But let’s get into the meat of the episode: Laurel is busted for illegal possession of narcotics. She’s busted because she’s getting too close to Blood, who kills his mother in the cold open. She went to Hooded Oliver for help, and they went on a wild goose chase for a file that would prove Blood killed his father, but the file turns out to be empty.

Present-day Slade gets on Blood’s case for being sloppy, so Blood has Daly ransack Laurel’s apartment with a warrant, which is how they find the drugs. This, plus the fact that Laurel’s kidnapper turns out to be Daly himself, effectively discredits Laurel’s increasingly screechy theory that Blood is a criminal mastermind, as everyone from her own father to ADA Adam think she’s lost credibility. In the end, she loses her job, as well as the trust of her closest ally: The Arrow.

But things aren’t looking so rosy for Laurel from a backstory standpoint, either. Sara tells a story about how she had a crush on Oliver back before he dated Laurel, and that her dear sister called the cops to bust a party so that Sara would be grounded. A month later, Laurel and Oliver were dating.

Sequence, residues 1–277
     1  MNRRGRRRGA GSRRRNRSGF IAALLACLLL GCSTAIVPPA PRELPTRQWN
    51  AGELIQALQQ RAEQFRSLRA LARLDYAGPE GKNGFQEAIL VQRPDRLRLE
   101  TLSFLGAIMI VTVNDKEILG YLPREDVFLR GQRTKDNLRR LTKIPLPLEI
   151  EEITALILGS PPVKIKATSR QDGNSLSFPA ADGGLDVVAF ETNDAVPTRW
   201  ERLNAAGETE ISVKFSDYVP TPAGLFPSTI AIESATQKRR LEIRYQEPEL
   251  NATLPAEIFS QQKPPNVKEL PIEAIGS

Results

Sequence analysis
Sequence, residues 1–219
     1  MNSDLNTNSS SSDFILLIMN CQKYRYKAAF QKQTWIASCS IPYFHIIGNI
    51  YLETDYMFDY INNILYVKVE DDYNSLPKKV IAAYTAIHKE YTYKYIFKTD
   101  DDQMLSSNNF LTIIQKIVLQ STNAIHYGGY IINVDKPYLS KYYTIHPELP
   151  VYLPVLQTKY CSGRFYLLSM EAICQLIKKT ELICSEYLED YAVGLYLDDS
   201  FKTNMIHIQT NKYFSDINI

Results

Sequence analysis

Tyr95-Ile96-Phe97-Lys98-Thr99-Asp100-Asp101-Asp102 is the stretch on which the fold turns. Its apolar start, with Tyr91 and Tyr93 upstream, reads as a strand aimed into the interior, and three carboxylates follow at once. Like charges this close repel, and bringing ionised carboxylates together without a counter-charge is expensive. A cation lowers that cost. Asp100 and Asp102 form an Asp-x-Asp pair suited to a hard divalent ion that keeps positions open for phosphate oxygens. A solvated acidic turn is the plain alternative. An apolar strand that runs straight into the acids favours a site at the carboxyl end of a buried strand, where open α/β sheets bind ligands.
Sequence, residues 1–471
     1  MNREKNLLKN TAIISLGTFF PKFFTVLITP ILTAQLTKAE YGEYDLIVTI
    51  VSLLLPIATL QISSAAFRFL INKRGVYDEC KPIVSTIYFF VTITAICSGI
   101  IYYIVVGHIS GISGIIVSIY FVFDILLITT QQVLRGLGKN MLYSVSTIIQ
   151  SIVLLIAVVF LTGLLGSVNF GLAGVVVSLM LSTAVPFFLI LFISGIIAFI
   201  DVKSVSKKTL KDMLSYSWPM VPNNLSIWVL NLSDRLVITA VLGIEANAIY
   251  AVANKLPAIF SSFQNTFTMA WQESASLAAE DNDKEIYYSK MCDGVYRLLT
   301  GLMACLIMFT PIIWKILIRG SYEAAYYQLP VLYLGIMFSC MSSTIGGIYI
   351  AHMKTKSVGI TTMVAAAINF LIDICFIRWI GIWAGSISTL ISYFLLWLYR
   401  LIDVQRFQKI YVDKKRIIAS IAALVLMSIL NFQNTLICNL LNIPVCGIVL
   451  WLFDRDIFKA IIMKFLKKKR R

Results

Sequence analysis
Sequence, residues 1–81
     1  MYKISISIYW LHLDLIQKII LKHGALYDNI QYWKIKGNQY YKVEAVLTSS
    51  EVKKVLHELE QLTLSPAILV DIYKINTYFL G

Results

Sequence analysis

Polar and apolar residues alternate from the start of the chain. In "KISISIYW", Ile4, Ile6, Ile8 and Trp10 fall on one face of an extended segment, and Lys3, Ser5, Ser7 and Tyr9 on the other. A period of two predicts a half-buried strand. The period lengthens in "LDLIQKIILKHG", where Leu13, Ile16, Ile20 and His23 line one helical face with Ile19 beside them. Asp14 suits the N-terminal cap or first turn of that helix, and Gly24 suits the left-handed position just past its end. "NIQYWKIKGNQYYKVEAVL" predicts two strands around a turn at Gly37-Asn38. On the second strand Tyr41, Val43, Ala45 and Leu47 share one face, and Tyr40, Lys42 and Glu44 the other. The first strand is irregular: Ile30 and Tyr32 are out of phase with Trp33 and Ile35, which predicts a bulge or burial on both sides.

It certainly doesn’t excuse what Sara did, going on the Gambit and sleeping with her sister’s boyfriend, but… it certainly provides the motivation. And if the details are to be believed — if Laurel truly busted that party just to get Sara grounded so that she could take her shot at Oliver — it certainly changes the commentary on the elder Lance sister, doesn’t it?

The island flashbacks also explored Sara’s Stockholm Syndrome with Ivo, but she manages to separate herself from him at the end of the episode, just as he vows to find her and end her. Sara turns to Oliver and says they should find Slade. Hopefully they find him soon.